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In Here, It’s Dog Treat Dog

A key gap in canine healthcare has been filled with India’s first blood bank for dogs in Chennai

In Here, It’s Dog Treat Dog
In Here, It’s Dog Treat Dog
outlookindia.com
2019-03-02T11:04:58+0530

Seven-year-old Bruno has been a regular at the Madras Veterinary College. The friendly yellow-coloured Labrador does not come for any treatment. And yet it is very much part of the treatment. He is a blood donor, much like many of his human friends. And he has helped save many sick dogs.

The likes of Bruno are much in demand at the country’s first canine blood bank in Chennai, which fills a major gap in canine healthcare. Dogs are particularly prone to anaemia due to tick-borne diseases. Many surgeries result in blood loss, which needs to be compensated. There are also injuries due to acci­dents, resulting in loss of blood. “In such conditions, blood transfusion is the only way to save a dog, for which we need a steady stream of donors, as also a facility to store the blood and administer them to recipients,” says Dr C. Balachandran, vice- chancellor of the Tamil Nadu University for Veterinary and Animal Sciences (TANUVAS).

After its establishment in 2010, the TANUVAS Blood Bank started with fresh whole blood transfusion, before building up facilities to store blood and its components such as plasma and platelets to be used round the clock. “Often it is enough if we just transfuse platelets or only packed red blood cells rather than the whole blood. Dogs are not just best man’s friends, but are also closest to humans when it comes to the capacity for blood transfusion,” explains Dr G.R. Baranidharan, who manages the facility.

Like humans, dogs too have blood groups—seven—out of which DEA 1.1 negative is the universal donor. Dog blood is not breed-specific, which means that a dog from any breed can donate blood to another breed. Moreover, a healthy dog can donate 300 to 400 ml of blood once in three months and it gets replenished in three weeks. The blood bank charges just Rs 1,000 for every transfusion—less than one-fifth of what is charged abroad. Regular donor dogs are even given incentive kits. Animal acti­vist Shravan Krishnan, who regularly sends rescued and ill-treated dogs to the veterinary college, rec­alls that the blood bank had been a saviour when he sent a few stray dogs badly injured in road accidents.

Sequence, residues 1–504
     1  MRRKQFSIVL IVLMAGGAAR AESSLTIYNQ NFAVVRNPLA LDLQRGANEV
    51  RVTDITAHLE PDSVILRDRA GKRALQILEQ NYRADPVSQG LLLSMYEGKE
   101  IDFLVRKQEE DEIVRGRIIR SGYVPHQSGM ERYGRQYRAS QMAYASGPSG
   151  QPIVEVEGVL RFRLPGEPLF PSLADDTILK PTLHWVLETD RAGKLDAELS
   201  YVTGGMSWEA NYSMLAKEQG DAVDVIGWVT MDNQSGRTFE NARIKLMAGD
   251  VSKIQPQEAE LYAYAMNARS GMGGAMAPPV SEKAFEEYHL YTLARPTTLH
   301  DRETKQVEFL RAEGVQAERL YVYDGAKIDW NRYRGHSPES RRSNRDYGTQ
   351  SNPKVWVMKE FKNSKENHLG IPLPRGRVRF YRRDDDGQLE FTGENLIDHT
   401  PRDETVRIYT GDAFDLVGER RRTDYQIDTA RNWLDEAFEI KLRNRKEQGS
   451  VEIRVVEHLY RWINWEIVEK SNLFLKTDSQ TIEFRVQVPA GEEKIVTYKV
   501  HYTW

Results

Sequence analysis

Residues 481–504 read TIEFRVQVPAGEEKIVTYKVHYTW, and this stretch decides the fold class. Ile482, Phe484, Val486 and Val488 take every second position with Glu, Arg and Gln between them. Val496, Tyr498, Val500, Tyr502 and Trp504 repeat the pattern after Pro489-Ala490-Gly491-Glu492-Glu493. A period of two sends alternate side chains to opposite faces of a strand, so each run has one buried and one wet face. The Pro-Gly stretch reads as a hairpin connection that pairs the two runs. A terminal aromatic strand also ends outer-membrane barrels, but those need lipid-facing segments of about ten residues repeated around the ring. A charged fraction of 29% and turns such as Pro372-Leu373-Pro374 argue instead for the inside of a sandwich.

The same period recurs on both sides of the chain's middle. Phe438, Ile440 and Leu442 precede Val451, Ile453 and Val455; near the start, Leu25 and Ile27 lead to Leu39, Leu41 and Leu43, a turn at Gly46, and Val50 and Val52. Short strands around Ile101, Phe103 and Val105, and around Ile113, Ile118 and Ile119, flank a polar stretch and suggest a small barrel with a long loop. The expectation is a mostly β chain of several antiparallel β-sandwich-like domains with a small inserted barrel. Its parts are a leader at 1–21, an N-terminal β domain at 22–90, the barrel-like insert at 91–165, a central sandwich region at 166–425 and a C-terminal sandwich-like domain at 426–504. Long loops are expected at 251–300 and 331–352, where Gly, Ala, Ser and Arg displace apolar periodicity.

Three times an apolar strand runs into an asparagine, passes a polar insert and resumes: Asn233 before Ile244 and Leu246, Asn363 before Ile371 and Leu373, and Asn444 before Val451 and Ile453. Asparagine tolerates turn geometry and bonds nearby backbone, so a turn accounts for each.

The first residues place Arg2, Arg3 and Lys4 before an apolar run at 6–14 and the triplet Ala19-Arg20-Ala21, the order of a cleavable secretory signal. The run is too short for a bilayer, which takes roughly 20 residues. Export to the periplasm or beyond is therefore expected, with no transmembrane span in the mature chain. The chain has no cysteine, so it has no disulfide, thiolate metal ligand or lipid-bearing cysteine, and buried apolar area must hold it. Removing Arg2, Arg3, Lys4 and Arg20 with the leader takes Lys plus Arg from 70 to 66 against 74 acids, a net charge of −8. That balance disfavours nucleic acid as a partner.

Thankfully, the blood bank has found a steady stream of donor dogs through a systematic awa­reness campaign during dog shows and adoption drives. The only disincentive is the distance many donors have to travel to the facility near Chennai’s Central Station as the collection happens only at the blood bank.

“We have just got an ambu­lance, which would be fitted out so we can collect blood at the doorsteps of donors. Many breeders on the outskirts of the city are ready to donate blood, but unwilling to travel more than 20 km,” says Bharanidharan. “Once that happens, the number of transfusions per year is bound to go up from the present 240.”

The success with canine blood donation and transfusion has encouraged the vets of TANUVAS to successfully carry out blood donation among cows and goats to treat their sick ones. To popularise the concept and practice, the university now teaches final year graduate students about animal blood banking and transfusion as part of their veterinary care curriculum.

***

Can Your Dog Donate Blood?

  • It should be 1-8 years old
  • It should weigh at least 20 kg
  • It should be clinically healthy
  • It should have been vaccinated periodically (not within 2 weeks)
  • It should have been dewormed periodically
  • It should be free of infectious and haemoprotozoan diseases
  • It should not have received blood transfusion before
  • If female, it should not be pregnant at the time of donation

By G.C. Shekhar in Chennai

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